05 March 2011
Eye é City - The Philosophy Café in Vancouver, Canada by Peter B. Raabe Ph.D. 温哥华的哲学家咖啡馆
The Philosophy Café in Vancouver, Canada
Peter B. Raabe Ph.D.
(This is an outdoor philosophy ‘café’ on a sandy beach on the edge of the Pacific Ocean. The facilitator, Peter Raabe is the man in the white hat under the umbrella.)
If you wanted to talk with others about the meaning of life, or what it means to be a good person, or whether God exists where would you go? In our Canadian society it’s often said that, in order to avoid offence, one should not discuss politics, sex, or religion. So when people do gather together, conversation is politely focused on the latest hockey game or the weather. And yet politics, sex, and religion are the three most important topics in life!
If you’re in university these sort of conversations might take place in a class such as philosophy or perhaps psychology. But for most people in the everyday world this sort of conversation rarely if ever happens. And yet in many people there is a curiosity about these questions that is never satisfied, and a hunger for answers that must be ignored because the food for thought is just not available. How do I know that there is an interest in these sort of discussions? Because here in Vancouver you can find these discussions happening almost every week. There are twenty locations, and everyone is invited!
People are gathering in discussion groups, referred to as philosophy cafés, located in coffee shops, small restaurants, church basements, library meeting rooms, community centres, and even under a big umbrella on the beach (see the picture below)!
In 1997 I decided to start a philosophy discussion group. I found a very tiny coffee shop in a very small village not far from Vancouver called Deep Cove. I had heard about discussion groups in Europe and especially in France, called salons that were very popular. These organized salon were a natural extension of the casual get-togethers that occur on a daily basis in the sidewalk cafés and indoor restaurants where friends shared their thoughts over a cup of coffee or a glass of wine. But here in North America sidewalk cafés are not popular in winter because of snow or rain, so the philosophy café is mostly an indoor activity.
The first thing I did was to make arrangements with the owner of the coffee shop in Deep Cove regarding the day of the week she would welcome a group gathering in her establishment. Then I put up a number of hand-made posters at a near by transit station to let people know about what I thought was the first philosophy café in all of Canada. A few days later I received a surprising phone call from professor Yosef Wosk at Simon Fraser University (SFU) asking me about the posters for our little café.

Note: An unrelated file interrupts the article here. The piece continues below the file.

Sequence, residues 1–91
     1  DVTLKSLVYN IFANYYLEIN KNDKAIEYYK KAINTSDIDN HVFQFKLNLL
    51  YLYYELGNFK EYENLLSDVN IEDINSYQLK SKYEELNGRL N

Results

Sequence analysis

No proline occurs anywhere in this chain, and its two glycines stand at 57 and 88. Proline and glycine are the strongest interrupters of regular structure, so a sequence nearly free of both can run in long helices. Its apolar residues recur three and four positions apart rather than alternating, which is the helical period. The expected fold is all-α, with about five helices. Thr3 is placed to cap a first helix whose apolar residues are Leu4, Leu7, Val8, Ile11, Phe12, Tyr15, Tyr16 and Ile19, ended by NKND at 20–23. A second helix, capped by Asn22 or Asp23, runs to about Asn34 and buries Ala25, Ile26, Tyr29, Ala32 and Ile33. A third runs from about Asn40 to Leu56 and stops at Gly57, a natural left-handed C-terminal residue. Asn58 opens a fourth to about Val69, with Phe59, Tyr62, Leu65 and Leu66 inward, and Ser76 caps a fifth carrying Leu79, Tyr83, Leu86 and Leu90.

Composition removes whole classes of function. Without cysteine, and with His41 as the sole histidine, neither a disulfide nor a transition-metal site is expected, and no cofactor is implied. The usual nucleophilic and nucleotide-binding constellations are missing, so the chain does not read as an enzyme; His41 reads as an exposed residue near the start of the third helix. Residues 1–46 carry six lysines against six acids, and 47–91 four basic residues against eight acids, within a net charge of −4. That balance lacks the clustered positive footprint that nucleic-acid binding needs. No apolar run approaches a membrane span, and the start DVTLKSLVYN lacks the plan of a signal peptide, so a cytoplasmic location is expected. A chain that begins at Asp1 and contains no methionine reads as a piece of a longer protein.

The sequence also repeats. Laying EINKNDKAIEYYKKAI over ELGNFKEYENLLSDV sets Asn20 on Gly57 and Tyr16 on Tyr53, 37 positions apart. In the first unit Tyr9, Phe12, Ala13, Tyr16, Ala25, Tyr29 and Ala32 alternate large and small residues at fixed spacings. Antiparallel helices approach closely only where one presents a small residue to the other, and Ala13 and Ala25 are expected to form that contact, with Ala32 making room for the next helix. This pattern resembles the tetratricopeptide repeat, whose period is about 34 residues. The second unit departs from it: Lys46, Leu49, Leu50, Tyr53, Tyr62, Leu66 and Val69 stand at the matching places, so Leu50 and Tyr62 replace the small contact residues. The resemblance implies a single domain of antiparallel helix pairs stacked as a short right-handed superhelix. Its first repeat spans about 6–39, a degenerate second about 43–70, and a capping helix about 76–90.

“Have you heard about the café I just started in downtown Vancouver?” he asked. Of course I hadn’t, and to both of our amazements we realized that we had come up with the same idea and started our respective cafés almost on the same day. Yosef invited me to join his effort in organizing the promotion of these cafés throughout our area. With the support of his university he and his staff found venues, recruited moderators or facilitators, and, as the movement grew, published a program which informed the public of the topics under discussion and locations of the various cafés. And now, 12 years, 11,000 cafés and 70,000 participants later, philosophy cafés are not only found across Metro Vancouver, they are catching on in cities all over the province, across Canada, as well as internationally, from England to Scotland, Australia, New Zealand, and the United States.
In 1999 the Philosophers' Café was presented with an Award of Excellence from CAUCE (The Canadian Association for University Continuing Education). In 2003 one of the foremost newspapers in Canada said the philosophy café “might be the most successful continuing education program in the country.” Diane Mar-Nicolle, is the program assistant with the Philosopher’s Café at SFU. She says, “Locally, we’ve seen a 40 per cent increase in attendance since 2007/2008.”